I’ve been teaching self-defense for over 25 years. And for most of those years I’ve been teaching that self-care is an essential part of everyone’s safety and self-defense planning. Self-care covers a wide range of actions, like exercise or meditation or listening to music or watching funny cat videos on YouTube or a glass of wine or seeking medical care or . . . pick your top three ways to calm yourself when upset or anxious. My personal favorite is playing music — drumming along to some of my all-time favorite songs, or muddling through a guitar chord progression with overdrive and reverb.
But, if I had to pick just ONE self-care practice as most critical, it has to be getting support from other people. We humans are social creatures. Any assault, or attempted assault, regardless of outcome, often feels isolating and like a loss of control over important aspects of life. Connecting with another human helps offset that, but only when that other human is supportive. We do live in a highly victim-blaming culture, and have to recognize that not every one of our acquaintances (or even family or closer friends) will be open to supporting you.
Over the years I’ve heard from several students that, when confiding in those who they assumed would be supportive, were met with statements such as “what did you expect,” or “you sure won’t make that mistake again,” or “I hope you learned something from that experience,” or “how could you let that happen to you.” As humans, we will often look to safety, or at least to mitigate and manage risks. Some people’s interest in hearing about others’ misfortunes is to “inform” themselves so they won’t make the same “mistakes.” And sometimes they will think they are helping by informing you of their conclusions. It may not mean they are a bad person, but it does mean they don’t have (or are not willing to make available) emotional bandwidth for you.
But let’s get back to getting support. How would we recognize that supportive human? Is there a covert signal or secret handshake?
By what they do. Here’s my thumbnail sketch of what a supportive human would do.
- They listen.
- They believe you.
- They remind you it wasn’t your fault.
I’m going to go over each of these three items. In this blog post, it’s listening. Next couple of weeks will cover believing and not blaming you. And then we’ll tie it up with steps for the future.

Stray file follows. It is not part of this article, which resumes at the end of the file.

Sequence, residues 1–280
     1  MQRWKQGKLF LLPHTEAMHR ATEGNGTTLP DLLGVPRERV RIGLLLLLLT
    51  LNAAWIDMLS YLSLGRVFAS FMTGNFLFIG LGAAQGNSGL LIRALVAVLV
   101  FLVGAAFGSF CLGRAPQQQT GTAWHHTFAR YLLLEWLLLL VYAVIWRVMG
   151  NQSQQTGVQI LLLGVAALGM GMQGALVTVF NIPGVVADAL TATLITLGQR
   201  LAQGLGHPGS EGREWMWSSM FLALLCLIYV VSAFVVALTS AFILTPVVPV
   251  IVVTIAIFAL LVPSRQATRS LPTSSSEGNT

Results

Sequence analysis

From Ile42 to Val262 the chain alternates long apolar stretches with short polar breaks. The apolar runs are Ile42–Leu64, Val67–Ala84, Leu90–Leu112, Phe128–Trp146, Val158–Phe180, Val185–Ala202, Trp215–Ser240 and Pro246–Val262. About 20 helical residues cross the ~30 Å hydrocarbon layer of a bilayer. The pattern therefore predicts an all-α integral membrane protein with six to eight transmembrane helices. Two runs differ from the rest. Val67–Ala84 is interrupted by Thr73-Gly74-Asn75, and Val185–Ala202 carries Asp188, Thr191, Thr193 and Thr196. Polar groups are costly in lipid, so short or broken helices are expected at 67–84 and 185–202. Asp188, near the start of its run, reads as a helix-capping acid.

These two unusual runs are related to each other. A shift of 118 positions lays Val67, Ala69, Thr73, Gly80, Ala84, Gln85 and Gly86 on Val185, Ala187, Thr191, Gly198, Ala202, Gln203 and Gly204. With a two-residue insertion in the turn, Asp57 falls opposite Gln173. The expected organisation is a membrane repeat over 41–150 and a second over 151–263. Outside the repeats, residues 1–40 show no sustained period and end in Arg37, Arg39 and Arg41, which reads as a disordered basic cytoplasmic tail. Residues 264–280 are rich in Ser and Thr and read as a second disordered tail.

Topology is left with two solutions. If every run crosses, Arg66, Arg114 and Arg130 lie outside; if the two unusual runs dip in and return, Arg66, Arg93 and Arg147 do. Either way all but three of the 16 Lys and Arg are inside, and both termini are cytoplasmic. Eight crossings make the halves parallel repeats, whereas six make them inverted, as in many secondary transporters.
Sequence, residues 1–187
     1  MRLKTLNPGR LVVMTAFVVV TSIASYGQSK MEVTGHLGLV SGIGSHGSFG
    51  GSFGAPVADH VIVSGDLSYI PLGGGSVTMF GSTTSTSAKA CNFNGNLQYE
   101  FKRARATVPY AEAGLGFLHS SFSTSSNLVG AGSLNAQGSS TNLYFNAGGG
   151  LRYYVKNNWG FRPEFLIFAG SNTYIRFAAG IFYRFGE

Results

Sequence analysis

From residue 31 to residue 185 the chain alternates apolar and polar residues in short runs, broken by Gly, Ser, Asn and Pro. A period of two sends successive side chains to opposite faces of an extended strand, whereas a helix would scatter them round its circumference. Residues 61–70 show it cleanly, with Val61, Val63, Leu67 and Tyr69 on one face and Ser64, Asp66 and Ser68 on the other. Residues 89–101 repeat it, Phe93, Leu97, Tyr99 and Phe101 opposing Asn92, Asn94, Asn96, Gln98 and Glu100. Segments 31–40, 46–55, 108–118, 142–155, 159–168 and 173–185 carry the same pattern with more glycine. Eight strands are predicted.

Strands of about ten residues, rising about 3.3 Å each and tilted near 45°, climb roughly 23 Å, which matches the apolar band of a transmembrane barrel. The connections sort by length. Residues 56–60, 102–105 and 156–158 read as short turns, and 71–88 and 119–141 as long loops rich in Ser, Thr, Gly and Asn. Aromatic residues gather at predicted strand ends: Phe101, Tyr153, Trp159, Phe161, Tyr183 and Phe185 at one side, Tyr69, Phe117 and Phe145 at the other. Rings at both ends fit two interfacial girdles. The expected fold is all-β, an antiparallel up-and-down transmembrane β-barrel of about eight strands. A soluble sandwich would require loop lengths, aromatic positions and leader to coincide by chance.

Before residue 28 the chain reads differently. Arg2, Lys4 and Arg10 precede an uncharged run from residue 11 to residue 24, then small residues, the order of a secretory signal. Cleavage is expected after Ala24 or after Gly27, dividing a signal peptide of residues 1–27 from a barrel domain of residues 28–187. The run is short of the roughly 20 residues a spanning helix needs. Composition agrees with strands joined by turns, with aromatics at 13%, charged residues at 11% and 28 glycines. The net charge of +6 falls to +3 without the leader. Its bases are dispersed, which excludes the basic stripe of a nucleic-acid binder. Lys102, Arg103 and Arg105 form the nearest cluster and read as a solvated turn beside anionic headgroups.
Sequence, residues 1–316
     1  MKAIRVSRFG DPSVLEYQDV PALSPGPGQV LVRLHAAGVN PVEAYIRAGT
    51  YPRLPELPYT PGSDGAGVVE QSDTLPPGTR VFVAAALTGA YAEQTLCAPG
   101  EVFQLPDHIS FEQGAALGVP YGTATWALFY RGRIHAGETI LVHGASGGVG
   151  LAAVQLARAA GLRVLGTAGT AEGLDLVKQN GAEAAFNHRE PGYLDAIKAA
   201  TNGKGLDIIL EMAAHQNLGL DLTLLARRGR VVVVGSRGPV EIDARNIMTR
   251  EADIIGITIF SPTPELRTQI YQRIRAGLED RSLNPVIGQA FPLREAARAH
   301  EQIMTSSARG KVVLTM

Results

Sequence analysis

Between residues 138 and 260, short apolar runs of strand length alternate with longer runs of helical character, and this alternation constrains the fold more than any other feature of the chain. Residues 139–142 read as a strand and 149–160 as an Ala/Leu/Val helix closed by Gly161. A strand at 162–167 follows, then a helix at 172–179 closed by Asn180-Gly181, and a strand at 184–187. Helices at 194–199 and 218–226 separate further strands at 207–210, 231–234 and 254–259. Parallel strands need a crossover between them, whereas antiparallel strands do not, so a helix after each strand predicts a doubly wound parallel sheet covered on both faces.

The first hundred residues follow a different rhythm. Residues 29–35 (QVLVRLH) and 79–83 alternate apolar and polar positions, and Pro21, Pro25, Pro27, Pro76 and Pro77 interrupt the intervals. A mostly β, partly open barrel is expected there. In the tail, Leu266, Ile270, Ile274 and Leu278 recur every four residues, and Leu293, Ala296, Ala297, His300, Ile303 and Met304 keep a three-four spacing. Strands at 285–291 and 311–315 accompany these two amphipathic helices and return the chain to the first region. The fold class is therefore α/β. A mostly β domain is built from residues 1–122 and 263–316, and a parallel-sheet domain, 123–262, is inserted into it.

First, though, I strongly suggest that you give a potential listener a heads-up that you’d like to share something uncomfortable. Give them a chance to assess their readiness to offer support. Or, if necessary, set their own boundaries. Even the best supporters are not available 24/7 to everyone (self-care, remember?). An important part of getting support is that the support has to be voluntarily given!
Someone who is listening is really LISTENING, rather than trying to figure out their snappy reply. Listening is NOT letting you talk for 10, 20, or 60 seconds, then interrupting with “hey did you try THIS? You coulda done THAT, you shoulda done THAT, I woulda done . . . ” Thank that person for their time, and move on. They don’t have bandwidth for you.
Rather, listening involves taking in what that other person is offering. A really good listener will treat what you’re saying as a gift, and if they have the emotional space they will be paying attention to what you are saying and the event’s impact on you. You may hear something more like, “That sounds horrible, I’m so sorry you had that experience! I am here for you.” And now is where listening is super important. The listener could assess if you need to just talk, or if they are looking for advice, or if they have their next steps and want your help. And, dear listener, it’s OK to ask. Do keep in mind that part of the trauma of assault is the feeling that control over ones life has been torn away; one goal of the listener is to help empower those hurt by making sure their choices are really theirs.
Next week, we look at the other two items on my list, believing and reminding that assault is not your fault.